Why the gift of a library as the central conceit of the book?

To quote Thomas Connell (President of Desert Wells College), in his introductory note to Appendix C, The Gilmartin Jacobsen Donation: Bibliography of a Mind

 "A personal library says a lot about its owner. Not just in terms of specific books and titles but also, to use a concept from my own background, ‘archaeologically,’ in the successive layers that emerge over time to show the growth and direction of the maturing mind."
In other words, a personal library not only represents the taste and dispositions of the reader responsible for creating it in the first place. It embodies his or her mind. 
Or as Gilmartin Jacobsen explains in his remarks in the first dialogue, Now & Then (p. 22):
"As I was packing it up, I was struck by the thought that it’s also a schematic of one mind. It’s made up of thousands of data clusters that represent millions of data points aligned (and realigned) by the charge my unique electrical field at one time or another over the course of 50 years or so. Each book as a touchstone reminded me of a specific time and place and, often, emotion or desire or need, that colored its acquisition. Like that uncut Thucydides for which, after all, you can find better translations and cheaper editions. Each book tells the story about me, about my progress over the years from ignorance to enlightenment, resistance or confusion or simply befuddlement to acceptance, incorporation, and appreciation. Call that the Arc of my Ultimate Self-Relevance. More important, though, the ‘me’ standing before you is somehow composed of all the books in the library I’m entrusting to your care. If my biological DNA happens to contaminate their covers and pages, then their content somehow forms my intellectual DNA encoded and transmitted by each volume. Viewed as a collection, as a library, these books reflect the emerging, evolving aesthetic dimension of the life of my mind."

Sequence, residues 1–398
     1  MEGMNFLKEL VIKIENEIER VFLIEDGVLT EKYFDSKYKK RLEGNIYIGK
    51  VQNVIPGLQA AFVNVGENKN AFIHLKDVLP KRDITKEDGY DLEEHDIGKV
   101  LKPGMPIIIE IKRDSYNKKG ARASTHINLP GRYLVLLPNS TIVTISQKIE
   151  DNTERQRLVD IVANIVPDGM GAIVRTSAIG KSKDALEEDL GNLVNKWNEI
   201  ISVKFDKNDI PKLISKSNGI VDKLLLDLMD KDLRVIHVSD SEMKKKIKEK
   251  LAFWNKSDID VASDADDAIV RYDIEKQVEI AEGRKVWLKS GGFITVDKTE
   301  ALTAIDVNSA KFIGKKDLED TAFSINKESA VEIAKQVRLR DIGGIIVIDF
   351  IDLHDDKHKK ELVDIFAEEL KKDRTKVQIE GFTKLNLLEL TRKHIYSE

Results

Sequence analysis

I couldn’t have said it better myself. 

Jacobsen’s library is the perfect matrix for a discussion of the role of a liberal education in the 21st century, when the relevance of physical books and their atomic bits is seemingly challenged by the emergence of electronic books and their digital bytes. But it’s more than a question of “form.” It strikes at the heart of the notion of “content”: the epistemological basis of knowledge and reality in an age controlled by “the new” and “the now.” 

And finally, there’s the very human aspect of a dying man bequeathing the only significant vestige of his life — his “words and works” as Joshua Cryst puts it in Thema— the books he's read that underwrite the things he's done and said.